In 1994, Californians for Statewide Smoking Restrictions tirelessly collected several hundred thousand signatures throughout California to put a referendum on the ballot in that year's midterm elections. The referendum, Proposition 188, called for uniform anti-smoking ordinances on a statewide level, and this group quickly began a wide advertising campaign that included billboards reading "Tough Statewide Smoking Restrictions: The Right Choice."
Using your hand as an ashtray is The Wrong Choice.
Well, hell, it's an anti-smoking group. They're everywhere, and for good reason. There can't possibly be anything wrong with this...
Wait, something's not right here ...
Support for the referendum, while initially high, fell dramatically as the election approached, and Proposition 188 was finally rejected by almost three-quarters of voters. This might have been due to the fact that opposition-funded advertising had let everyone know that Californians for Statewide Smoking Restrictions was funded to the tune of $18 million by ... wait for it ...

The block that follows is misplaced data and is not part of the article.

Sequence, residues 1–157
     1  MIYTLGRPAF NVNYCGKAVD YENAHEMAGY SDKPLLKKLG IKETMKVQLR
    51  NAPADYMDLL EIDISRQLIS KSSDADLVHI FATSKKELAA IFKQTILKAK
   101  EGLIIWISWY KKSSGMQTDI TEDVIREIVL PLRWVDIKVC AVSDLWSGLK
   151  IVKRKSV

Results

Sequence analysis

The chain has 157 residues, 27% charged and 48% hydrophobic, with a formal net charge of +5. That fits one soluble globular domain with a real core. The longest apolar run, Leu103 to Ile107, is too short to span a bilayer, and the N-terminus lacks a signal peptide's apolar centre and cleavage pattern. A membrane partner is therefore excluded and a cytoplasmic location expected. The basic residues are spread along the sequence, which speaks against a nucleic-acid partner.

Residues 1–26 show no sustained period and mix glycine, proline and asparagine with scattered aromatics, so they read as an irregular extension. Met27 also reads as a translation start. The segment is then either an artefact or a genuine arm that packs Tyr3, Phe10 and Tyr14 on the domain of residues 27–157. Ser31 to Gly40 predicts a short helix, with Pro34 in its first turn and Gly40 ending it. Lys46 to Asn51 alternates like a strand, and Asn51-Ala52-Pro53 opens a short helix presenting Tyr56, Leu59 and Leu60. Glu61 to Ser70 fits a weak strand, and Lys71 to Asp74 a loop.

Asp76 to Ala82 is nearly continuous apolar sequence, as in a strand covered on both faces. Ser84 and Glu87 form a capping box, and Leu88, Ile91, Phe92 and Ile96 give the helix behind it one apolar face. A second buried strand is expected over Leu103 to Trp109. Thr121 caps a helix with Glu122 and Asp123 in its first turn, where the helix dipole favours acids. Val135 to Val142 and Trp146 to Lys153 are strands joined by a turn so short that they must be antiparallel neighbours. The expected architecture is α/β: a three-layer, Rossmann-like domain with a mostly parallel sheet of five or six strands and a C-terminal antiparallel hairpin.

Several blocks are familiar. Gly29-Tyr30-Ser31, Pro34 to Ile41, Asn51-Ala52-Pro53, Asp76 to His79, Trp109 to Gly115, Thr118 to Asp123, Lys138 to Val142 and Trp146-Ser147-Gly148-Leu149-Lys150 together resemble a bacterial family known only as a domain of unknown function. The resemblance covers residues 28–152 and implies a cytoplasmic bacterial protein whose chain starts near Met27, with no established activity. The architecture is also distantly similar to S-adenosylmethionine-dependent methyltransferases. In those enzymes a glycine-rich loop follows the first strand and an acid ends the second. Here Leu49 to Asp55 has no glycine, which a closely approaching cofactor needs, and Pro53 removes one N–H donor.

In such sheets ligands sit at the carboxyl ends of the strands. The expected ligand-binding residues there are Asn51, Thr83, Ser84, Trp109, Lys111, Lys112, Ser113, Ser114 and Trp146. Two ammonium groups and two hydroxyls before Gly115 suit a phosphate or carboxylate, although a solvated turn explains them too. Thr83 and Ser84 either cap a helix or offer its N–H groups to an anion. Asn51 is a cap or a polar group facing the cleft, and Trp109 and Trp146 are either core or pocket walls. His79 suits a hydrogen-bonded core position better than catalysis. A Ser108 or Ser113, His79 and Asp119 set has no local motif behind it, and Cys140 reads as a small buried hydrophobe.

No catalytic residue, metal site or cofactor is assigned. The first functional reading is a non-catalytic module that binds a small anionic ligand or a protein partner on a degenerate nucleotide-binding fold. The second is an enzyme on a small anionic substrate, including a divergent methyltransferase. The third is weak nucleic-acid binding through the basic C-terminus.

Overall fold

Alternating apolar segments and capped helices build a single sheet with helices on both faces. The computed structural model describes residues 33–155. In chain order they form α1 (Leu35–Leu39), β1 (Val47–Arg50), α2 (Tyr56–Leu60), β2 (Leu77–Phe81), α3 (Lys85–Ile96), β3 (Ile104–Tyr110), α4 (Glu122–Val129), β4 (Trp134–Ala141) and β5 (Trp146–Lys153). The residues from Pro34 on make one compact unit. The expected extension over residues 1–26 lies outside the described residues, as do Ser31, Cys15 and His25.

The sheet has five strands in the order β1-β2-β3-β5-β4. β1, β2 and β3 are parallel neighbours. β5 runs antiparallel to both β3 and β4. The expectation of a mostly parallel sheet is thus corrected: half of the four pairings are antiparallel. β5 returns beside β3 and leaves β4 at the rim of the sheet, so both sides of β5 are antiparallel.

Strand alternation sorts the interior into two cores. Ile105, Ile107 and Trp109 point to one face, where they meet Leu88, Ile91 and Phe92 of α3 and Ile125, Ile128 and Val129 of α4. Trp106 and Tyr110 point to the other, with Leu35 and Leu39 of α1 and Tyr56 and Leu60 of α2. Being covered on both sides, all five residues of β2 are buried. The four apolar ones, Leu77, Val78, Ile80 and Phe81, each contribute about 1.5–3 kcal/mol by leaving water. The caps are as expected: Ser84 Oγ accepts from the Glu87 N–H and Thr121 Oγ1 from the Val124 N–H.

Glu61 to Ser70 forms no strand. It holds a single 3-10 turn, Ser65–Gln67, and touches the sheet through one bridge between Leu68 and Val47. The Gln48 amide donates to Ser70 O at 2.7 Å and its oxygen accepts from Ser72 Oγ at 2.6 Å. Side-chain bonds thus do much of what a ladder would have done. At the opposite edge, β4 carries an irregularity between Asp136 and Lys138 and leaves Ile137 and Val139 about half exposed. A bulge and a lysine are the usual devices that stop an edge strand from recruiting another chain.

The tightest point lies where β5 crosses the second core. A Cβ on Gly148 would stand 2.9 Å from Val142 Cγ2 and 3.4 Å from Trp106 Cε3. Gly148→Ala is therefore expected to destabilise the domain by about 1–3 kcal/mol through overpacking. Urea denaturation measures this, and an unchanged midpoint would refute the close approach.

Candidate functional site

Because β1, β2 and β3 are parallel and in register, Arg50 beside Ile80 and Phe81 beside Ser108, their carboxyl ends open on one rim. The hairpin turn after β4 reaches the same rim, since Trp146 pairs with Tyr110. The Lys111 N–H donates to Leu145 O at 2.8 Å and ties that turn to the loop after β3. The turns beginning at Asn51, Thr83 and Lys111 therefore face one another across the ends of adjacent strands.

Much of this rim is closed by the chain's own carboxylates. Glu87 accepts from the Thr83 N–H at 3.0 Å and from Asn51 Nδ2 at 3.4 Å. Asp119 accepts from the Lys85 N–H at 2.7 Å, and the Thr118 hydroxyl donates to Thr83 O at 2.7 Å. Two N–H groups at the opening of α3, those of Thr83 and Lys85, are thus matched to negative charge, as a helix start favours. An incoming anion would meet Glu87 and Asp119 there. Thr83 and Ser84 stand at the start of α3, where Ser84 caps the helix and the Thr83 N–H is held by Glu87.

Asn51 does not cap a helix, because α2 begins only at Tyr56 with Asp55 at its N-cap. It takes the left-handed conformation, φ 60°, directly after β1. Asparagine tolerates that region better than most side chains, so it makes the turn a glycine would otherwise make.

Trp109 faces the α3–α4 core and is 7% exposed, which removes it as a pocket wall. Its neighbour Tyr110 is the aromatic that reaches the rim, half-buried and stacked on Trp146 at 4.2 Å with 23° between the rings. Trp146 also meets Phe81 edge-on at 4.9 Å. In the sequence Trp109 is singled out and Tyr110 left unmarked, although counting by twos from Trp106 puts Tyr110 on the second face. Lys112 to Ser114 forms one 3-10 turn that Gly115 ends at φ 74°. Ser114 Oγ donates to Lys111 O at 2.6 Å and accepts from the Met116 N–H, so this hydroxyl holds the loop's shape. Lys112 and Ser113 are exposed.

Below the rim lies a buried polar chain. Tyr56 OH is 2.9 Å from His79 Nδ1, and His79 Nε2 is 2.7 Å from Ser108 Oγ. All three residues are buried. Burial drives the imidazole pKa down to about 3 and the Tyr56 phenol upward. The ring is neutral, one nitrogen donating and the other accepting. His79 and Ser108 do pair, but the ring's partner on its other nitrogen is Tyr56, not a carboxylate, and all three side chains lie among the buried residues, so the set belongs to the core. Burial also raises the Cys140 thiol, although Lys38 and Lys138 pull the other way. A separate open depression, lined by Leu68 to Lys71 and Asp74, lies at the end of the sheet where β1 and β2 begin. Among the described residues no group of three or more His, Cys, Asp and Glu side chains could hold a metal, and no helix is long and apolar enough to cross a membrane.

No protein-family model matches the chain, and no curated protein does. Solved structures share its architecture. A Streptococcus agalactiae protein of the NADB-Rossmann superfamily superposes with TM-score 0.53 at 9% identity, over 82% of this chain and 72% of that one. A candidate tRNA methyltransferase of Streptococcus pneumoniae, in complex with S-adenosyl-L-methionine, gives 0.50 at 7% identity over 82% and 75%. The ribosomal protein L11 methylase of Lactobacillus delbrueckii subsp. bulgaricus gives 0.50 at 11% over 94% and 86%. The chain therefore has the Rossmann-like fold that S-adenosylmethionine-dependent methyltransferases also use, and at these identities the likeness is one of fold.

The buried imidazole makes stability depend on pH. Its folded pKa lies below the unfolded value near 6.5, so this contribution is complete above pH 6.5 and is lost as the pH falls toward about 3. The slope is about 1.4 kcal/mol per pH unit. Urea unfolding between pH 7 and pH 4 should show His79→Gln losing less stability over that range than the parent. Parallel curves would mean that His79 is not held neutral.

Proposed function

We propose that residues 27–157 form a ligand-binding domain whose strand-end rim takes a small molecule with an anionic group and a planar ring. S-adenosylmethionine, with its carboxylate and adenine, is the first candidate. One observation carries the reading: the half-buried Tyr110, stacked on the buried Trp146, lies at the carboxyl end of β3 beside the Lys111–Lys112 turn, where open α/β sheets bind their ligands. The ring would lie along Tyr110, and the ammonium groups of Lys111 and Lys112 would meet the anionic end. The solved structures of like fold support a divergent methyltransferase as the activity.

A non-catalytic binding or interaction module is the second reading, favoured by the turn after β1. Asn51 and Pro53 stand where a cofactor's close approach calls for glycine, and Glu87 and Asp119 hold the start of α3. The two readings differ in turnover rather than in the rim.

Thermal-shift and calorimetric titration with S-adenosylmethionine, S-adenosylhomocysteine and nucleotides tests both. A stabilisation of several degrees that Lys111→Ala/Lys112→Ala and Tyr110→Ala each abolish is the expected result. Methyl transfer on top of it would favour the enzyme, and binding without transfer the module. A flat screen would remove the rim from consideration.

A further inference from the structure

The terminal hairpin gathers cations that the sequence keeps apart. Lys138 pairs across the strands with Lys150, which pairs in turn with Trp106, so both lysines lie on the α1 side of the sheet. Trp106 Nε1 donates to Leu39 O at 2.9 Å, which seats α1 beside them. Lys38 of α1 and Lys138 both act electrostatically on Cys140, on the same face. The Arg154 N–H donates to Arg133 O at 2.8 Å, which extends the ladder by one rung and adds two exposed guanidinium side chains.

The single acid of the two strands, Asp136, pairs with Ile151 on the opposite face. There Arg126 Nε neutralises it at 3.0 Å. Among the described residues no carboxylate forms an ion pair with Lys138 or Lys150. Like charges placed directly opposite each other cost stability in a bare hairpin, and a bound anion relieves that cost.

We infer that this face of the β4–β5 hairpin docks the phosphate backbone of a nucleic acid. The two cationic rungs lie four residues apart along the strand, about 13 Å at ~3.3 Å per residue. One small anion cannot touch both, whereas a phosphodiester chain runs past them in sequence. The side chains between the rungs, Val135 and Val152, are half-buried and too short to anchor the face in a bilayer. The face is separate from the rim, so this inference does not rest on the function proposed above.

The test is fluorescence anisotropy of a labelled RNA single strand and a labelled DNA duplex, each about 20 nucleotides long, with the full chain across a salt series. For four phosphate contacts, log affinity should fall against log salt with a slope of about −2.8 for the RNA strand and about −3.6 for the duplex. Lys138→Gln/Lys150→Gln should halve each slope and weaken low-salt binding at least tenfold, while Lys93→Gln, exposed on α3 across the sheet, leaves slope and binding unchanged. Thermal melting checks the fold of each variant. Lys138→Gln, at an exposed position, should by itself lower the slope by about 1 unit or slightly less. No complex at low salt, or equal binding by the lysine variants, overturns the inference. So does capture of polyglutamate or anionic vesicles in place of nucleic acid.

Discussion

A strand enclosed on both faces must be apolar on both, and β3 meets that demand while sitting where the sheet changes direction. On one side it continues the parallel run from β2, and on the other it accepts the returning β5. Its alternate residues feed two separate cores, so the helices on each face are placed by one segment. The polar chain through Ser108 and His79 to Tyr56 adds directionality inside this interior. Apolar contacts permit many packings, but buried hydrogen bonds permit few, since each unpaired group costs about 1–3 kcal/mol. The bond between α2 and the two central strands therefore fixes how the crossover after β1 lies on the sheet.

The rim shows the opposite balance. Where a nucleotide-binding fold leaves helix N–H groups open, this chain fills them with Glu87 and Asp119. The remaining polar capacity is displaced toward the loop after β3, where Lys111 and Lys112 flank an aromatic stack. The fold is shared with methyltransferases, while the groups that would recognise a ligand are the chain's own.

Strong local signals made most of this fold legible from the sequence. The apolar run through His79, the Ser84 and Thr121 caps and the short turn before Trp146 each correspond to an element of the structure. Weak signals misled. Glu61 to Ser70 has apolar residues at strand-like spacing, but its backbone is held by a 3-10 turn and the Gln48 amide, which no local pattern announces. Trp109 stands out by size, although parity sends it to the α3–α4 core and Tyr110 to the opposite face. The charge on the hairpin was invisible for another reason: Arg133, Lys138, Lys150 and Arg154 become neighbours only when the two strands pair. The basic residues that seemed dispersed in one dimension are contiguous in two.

... tobacco giant Philip Morris, maker of Marlboro and several other brands of cigarettes.
Stop smoking. This message is brought to you by the tobacco industry.
It came out that Philip Morris had arranged for a PR firm to set up the group in order to collect the required signatures. The people signing the anti-smoking petition didn't know this, presumably because the guys collecting signatures hid behind the bleachers and then furtively sprayed deodorant over their clothes before they started.
So, why the hell was Philip Morris advocating "Smoking Restrictions?" Because the referendum actually would have made tobacco laws less restrictive by replacing hundreds of local ordinances with a single, statewide one. This involved liberalizing smoking rights in restaurants and other businesses, cutting down on ventilation standards and overturning local smoking bans. Well, they weren't technically lying, right? Right?